Raul Castro's daughter says his successor may surprise Cubans
One of the highest-profile members of Cuba's ruling family said Wednesday that the country could be surprised by the person who succeeds her father as president.
Mariela Castro's uncle Fidel led Cuba for a half century before he was succeeded as president by her father, Raul Castro, who has said he plans to step down in February.
International and domestic observers widely expect him to be succeeded by First Vice President Miguel Diaz-Canel, a 57-year-old career Communist Party official whose low-wattage public appearances have left many Cubans unconvinced of his ability to be the first top Cuban leader from outside the Castro family since 1959.
When asked about the succession process, Mariela Castro said: "Sometimes you're going in one direction and suddenly you look over here and go, 'Wow, how interesting, I hadn't focused on this person'."
"There are always surprises," she concluded.
Mariela Castro is a gay-rights advocate, member of Cuba's National Assembly and head of the country's institute of sex education. She has long been one of Cuba's most outspoken public figures, and her statements are widely perceived to bear her father's imprimatur.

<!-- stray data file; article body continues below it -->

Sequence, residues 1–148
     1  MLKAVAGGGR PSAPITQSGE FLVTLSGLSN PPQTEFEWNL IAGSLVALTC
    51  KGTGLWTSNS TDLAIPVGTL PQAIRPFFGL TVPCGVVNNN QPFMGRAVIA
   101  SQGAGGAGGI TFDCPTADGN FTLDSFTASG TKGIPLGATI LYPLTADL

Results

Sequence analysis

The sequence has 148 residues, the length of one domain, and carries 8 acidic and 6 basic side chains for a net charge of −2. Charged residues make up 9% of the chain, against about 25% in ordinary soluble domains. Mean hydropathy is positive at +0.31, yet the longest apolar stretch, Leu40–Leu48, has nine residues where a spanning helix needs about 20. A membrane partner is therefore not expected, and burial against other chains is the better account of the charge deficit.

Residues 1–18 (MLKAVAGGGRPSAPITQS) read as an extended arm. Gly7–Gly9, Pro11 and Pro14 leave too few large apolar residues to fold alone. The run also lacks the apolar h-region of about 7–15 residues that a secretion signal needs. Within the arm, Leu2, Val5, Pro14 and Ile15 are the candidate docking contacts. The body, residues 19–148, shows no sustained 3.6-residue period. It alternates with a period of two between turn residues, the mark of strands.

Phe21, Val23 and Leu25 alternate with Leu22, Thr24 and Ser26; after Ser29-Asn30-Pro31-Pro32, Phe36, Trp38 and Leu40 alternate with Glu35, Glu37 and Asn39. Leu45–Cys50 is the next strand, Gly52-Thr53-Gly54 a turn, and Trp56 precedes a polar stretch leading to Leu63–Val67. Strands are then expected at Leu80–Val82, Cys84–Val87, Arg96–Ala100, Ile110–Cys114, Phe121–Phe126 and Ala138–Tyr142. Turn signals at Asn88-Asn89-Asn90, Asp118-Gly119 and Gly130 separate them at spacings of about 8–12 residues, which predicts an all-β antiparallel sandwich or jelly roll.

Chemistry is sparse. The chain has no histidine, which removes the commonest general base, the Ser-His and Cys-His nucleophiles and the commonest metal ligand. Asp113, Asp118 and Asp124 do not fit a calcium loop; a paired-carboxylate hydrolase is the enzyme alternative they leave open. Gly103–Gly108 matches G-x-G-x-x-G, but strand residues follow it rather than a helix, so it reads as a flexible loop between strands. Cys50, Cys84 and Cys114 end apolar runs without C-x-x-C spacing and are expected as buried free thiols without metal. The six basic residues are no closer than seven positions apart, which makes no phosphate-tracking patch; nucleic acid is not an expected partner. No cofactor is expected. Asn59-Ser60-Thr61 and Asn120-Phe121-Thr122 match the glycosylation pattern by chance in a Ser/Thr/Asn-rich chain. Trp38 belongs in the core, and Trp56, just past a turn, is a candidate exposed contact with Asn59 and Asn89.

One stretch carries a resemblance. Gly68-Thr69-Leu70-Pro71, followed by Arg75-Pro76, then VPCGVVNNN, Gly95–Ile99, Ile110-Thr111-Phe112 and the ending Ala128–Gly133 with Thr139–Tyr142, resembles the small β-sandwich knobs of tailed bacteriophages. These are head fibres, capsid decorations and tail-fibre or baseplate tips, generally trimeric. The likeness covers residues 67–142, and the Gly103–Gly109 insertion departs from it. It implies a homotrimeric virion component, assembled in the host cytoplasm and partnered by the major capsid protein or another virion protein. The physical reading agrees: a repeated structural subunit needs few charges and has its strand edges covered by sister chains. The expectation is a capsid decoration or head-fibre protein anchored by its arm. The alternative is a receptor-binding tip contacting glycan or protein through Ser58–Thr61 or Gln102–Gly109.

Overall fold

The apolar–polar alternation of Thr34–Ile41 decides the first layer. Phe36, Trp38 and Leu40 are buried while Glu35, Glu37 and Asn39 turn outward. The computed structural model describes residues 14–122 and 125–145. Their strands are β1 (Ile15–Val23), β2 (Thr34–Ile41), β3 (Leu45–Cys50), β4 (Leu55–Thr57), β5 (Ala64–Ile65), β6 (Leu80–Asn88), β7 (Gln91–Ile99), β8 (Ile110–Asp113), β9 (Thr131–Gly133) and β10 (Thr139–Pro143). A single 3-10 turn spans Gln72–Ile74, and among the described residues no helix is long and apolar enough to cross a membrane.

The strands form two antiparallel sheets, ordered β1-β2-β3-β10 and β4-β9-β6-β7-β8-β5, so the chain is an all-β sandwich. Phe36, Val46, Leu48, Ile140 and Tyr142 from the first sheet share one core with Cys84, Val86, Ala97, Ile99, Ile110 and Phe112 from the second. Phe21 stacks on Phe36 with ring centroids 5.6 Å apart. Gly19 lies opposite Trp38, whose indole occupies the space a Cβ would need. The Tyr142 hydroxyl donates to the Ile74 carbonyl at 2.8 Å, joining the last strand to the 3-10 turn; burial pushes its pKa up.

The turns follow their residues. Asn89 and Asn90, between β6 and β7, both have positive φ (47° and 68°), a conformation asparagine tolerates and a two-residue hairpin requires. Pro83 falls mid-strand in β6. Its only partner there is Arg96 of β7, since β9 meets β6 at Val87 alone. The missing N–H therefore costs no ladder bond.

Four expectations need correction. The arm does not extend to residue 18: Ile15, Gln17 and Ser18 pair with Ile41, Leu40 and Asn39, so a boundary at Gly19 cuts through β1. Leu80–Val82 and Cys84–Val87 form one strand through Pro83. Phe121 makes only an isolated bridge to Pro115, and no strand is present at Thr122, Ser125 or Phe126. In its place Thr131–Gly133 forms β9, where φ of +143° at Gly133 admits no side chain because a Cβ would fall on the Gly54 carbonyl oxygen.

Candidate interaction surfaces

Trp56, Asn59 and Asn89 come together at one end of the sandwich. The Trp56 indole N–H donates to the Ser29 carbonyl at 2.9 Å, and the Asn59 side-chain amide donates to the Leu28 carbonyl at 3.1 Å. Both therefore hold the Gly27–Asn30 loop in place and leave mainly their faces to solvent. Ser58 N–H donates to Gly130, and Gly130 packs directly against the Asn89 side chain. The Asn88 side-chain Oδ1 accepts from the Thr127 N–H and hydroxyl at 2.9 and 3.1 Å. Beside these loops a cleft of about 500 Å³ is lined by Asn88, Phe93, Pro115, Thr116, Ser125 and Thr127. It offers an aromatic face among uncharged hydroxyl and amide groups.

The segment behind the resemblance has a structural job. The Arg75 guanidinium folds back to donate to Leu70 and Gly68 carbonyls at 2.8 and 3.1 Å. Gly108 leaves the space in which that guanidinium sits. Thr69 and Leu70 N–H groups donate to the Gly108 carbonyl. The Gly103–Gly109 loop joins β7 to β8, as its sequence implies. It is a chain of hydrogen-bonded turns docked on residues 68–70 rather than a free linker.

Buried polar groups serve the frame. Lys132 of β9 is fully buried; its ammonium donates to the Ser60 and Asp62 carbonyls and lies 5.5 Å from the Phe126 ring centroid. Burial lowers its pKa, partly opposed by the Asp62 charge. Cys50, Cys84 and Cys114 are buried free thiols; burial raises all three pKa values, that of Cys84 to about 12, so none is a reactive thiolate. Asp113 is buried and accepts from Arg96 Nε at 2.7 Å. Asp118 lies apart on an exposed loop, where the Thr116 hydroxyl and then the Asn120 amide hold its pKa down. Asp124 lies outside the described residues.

Recent speculation about alternate presidential candidates has focused on Foreign Minister Bruno Rodriguez, a forceful public speaker who has represented Cuba on the international stage for eight years. Rodriguez has taken on a slightly higher profile in recent months, including an unusual article in state media last week apologising to the family of a Cuban who died on government business in Venezuela last May.
The daughter of the dead man, Nicanor Torres Ochoa, had complained to the state-run newspaper Juventud Rebelde that the family had not received his death certificate, echoing thousands of Cubans' frustration with the country's intractable Soviet-model bureaucracy. On Saturday, the paper published an unexpected response from Rodriguez assuring readers the problem had been resolved, saying the Foreign Ministry was reviewing its procedures to avoid a repeat of the problem, and apologising to the family in the name of the state institutions involved.
Such lengthy apologies to citizens are virtually unheard of in Cuba, particularly from high-ranking government officials.
Despite such subtle changes in public profile, there are no indications so far that Diaz-Canel has lost his position as the unstated front-runner to be Cuba's next president. However, Raul Castro's departure from the presidency creates unprecedented opportunities for surprising changes to Cuba's political structure.
As supreme national leader, Fidel Castro simultaneously held a variety of roles as head of state, government and Communist Party institutions.
Raul Castro inherited that arrangement despite the fact that Cuba's constitution does not stipulate such a total concentration of power.
aul Castro's retirement as president opens the possibility that his responsibilities could be handed over to more than one figure, creating at least a nominal separation of powers for the first time since the first years of the Cuban Revolution.